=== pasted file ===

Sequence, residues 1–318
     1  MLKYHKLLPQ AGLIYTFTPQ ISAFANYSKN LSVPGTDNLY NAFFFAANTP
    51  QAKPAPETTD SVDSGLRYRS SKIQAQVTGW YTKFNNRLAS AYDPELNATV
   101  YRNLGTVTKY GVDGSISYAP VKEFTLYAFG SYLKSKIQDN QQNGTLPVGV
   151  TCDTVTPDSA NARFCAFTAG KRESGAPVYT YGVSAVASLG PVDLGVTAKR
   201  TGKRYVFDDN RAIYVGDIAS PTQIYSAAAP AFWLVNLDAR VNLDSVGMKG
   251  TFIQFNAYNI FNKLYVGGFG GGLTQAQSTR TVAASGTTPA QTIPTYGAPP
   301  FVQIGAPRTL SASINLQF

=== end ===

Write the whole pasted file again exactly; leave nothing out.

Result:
Sequence, residues 1–318
     1  MLKYHKLLPQ AGLIYTFTPQ ISAFANYSKN LSVPGTDNLY NAFFFAANTP
    51  QAKPAPETTD SVDSGLRYRS SKIQAQVTGW YTKFNNRLAS AYDPELNATV
   101  YRNLGTVTKY GVDGSISYAP VKEFTLYAFG SYLKSKIQDN QQNGTLPVGV
   151  TCDTVTPDSA NARFCAFTAG KRESGAPVYT YGVSAVASLG PVDLGVTAKR
   201  TGKRYVFDDN RAIYVGDIAS PTQIYSAAAP AFWLVNLDAR VNLDSVGMKG
   251  TFIQFNAYNI FNKLYVGGFG GGLTQAQSTR TVAASGTTPA QTIPTYGAPP
   301  FVQIGAPRTL SASINLQF